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Rodeo, New Mexico
December 13, 2006
The narrow canyon walls of Park Avenue are formed of Entrada sandstone, which originated in Jurassic era tidal flats, deserts, and beaches. Fantastically shaped structures loom on both sides of the canyon. Two figures near the top remind me of Star Wars aliens talking to one another, one with a big head and elongated brains, the other a tiny-headed reptilian. I later learn that the big-headed one is named Nefertiti; not brains then, but wearing a classic Egyptian headdress.
On the east side, canyon walls are sheer layered slabs, depicting the different "members" of Entrada sandstone: lumpy reddish-brown Dewey Bridge on the bottom, extensive fine-grained Slickrock in the middle, and barely discernable lighter-colored Moab Tongue on top. These massive slab walls are called fins, and they are the first step in arch formation. Over time, erosion by wind and water wear away portions of these fins, and when the middle wears away faster than the edges, an arch is formed.
Hiking Park Avenue also provides an opportunity to become familiar with plants and animals of the Arches area. Piñon pines and junipers, with scraggly and contorted twisted branches, somehow manage to survive in this dry environment. We came upon small lizards scurrying on and under the rocks. If you’re lucky, you may spot a jackrabbit or cottontail.
The Three Gossips on the west side of the canyon resemble three women in long dresses standing close together. Just beyond them stands sheep rock, which may have formerly been part of an arch that collapsed. At the bottom of the trail and across the road lies the massive Organ.
It’s a little confusing because the viewpoint is called Courthouse Towers, and I first thought that was the name of the huge monolith next to it, but Courthouse Towers actually refers to the high peaks southwest of Sheep Rock and the Gossips.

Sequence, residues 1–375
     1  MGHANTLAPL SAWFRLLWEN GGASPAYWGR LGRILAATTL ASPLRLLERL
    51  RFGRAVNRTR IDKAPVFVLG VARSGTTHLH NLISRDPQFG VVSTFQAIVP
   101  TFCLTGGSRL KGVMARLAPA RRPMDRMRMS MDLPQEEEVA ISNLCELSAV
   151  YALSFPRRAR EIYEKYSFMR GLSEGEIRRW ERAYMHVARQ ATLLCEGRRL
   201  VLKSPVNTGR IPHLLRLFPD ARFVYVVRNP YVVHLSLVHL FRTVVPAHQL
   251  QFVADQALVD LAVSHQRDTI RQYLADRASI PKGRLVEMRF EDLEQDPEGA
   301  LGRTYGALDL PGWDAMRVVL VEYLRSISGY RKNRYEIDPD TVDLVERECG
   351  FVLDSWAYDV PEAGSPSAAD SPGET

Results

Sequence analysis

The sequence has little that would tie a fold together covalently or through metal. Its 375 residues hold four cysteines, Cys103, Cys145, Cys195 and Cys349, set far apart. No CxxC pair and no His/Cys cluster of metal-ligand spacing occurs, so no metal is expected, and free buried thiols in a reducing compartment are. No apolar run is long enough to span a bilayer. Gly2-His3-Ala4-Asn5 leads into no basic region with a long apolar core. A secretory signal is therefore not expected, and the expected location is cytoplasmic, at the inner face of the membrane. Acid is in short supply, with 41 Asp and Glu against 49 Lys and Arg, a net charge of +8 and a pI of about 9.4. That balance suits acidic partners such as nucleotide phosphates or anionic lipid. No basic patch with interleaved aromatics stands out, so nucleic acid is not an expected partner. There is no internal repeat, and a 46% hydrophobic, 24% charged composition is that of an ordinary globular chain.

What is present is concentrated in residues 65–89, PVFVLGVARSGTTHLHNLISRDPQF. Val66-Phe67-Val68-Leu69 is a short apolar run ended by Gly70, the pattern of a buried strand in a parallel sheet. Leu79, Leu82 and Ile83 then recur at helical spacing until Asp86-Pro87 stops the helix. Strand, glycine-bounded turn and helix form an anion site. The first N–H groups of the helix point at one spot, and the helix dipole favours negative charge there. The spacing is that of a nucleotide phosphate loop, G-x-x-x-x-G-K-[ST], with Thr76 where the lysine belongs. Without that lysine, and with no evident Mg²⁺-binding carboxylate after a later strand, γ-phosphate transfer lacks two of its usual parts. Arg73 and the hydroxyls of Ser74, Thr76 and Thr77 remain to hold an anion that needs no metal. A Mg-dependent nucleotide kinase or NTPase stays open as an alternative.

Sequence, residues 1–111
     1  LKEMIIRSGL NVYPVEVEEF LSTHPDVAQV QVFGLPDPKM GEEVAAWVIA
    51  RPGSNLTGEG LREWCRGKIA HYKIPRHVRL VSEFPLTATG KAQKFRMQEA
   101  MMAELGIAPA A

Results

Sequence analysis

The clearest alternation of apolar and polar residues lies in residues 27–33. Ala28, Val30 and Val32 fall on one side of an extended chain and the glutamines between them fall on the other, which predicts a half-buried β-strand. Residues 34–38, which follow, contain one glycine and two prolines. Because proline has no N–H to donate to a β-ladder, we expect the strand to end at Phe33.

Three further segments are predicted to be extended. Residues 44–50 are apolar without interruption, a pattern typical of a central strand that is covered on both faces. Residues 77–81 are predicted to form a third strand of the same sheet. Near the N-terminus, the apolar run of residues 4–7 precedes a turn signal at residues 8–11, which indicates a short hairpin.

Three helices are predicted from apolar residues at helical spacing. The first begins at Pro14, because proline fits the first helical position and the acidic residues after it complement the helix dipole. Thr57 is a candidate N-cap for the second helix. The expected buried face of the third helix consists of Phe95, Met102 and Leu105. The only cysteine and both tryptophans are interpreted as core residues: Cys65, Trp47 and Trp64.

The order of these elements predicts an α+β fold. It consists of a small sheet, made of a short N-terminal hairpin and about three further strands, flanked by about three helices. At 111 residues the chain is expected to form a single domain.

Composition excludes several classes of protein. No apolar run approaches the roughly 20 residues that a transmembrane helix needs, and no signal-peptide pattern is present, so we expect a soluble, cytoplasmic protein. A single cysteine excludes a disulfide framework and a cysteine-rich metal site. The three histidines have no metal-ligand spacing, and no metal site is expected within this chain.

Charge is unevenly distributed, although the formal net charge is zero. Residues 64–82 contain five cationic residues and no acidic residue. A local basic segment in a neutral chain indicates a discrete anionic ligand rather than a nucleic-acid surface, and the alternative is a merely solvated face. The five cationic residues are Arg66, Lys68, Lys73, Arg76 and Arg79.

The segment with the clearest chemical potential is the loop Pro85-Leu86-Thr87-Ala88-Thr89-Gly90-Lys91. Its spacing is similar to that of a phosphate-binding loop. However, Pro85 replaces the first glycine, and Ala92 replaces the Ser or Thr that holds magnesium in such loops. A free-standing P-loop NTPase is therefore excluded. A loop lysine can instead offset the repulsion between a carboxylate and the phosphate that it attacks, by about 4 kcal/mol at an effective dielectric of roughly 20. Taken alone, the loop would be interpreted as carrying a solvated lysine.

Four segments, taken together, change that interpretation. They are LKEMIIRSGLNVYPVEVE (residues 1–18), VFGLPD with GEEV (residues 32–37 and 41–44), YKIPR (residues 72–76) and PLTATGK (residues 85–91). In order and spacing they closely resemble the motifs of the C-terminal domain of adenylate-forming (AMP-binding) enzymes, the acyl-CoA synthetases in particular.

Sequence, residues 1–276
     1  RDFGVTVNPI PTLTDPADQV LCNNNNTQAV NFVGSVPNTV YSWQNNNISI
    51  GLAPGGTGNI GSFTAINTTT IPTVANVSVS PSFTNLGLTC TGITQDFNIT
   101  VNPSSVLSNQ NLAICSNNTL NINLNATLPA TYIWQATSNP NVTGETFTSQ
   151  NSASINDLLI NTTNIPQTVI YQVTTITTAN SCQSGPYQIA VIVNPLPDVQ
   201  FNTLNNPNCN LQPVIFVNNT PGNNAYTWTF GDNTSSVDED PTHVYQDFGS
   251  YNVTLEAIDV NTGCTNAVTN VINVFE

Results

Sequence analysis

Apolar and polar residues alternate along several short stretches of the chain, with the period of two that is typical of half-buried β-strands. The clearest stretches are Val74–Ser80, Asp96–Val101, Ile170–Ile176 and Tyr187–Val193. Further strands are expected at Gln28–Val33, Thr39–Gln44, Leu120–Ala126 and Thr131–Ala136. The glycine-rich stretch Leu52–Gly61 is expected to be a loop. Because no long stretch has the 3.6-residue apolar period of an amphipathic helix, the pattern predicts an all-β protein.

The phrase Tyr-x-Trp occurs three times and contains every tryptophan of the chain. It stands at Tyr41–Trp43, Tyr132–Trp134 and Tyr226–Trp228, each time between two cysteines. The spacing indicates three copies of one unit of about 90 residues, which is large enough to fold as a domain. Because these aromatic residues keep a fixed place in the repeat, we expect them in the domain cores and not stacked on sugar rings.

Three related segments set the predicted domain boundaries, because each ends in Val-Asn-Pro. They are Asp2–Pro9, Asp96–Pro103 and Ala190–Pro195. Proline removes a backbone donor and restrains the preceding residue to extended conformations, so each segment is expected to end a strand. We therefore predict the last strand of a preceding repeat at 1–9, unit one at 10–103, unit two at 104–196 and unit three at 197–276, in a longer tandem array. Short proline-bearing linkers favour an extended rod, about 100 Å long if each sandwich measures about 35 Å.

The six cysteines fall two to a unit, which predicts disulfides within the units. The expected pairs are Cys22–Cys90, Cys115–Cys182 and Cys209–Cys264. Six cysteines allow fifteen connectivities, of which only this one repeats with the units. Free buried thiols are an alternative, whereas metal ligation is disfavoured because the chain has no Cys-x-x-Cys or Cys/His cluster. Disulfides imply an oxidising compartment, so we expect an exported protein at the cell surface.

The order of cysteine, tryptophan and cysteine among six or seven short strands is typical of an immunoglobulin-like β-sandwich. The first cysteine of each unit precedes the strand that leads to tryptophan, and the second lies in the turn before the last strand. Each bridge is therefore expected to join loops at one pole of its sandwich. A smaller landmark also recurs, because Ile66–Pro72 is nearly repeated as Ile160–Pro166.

The Tower of Babel stands just a bit further down the road, but it’s not the tallest. Its leading highest edge is lower than the Organ, dominating the landscape at 4735 feet. Another unnamed butte dominates the view north at the La Sal Mountains Viewpoint. In 1933, mapmaker Frank Beckwith with a group of scientists and assistants named many of the arches and landforms, but not this one.
From journal Magical Arches in the Rain
Cleveland , Ohio
September 10, 2001
It is possible to enjoy this area from the road, but we found this to be a great mile to hike. We chose to walk this section of the Park toward sunset, and were rewarded with a beautifully lit landscape. Since we had no one to provide a shuttle, we hiked the trail each way, starting at the Courthouse Towers Viewpoint. This turned out to be a good choice as it meant that we ascended the trail first and then had an easy downhill hike to end our day.
We crossed the Park Road and walked through desert vegetation to a slickrock canyon floor. The farther we moved up this dry wash, the more Park Avenue’s "skyscrapers" towered above us. We climbed the end of the trail past juniper trees and spent some time at the Park Avenue Overlook. Here we enjoyed the show put on by the late day sun. As we watched, the reds became more intense and Nefertiti’s Profile was unmistakable.
We descended from the Overlook and retraced our steps. By our feet, potholes in the Avenue’s slickrock had caught the rare desert rain that had fallen during the past 24 hours. As we passed a Ranger on the trail, she urged us to look for fairy shrimp in the water. We had read about these short-lived creatures, but never expected to have an opportunity to view them. Despite dim light, we stopped at every puddle and watched carefully for independent motion. After scanning several pools, we finally spotted something that seemed to be moving on its own. Sure enough, we had found the tiny, translucent shrimp! It was impossible not to recall that we had passed this way once before and walked past the standing water without a second thought. Had it not been for the suggestion of the park Ranger, we would have missed our most memorable wildlife encounter in Arches!
From journal Arches National Park - Red Rock Fantasy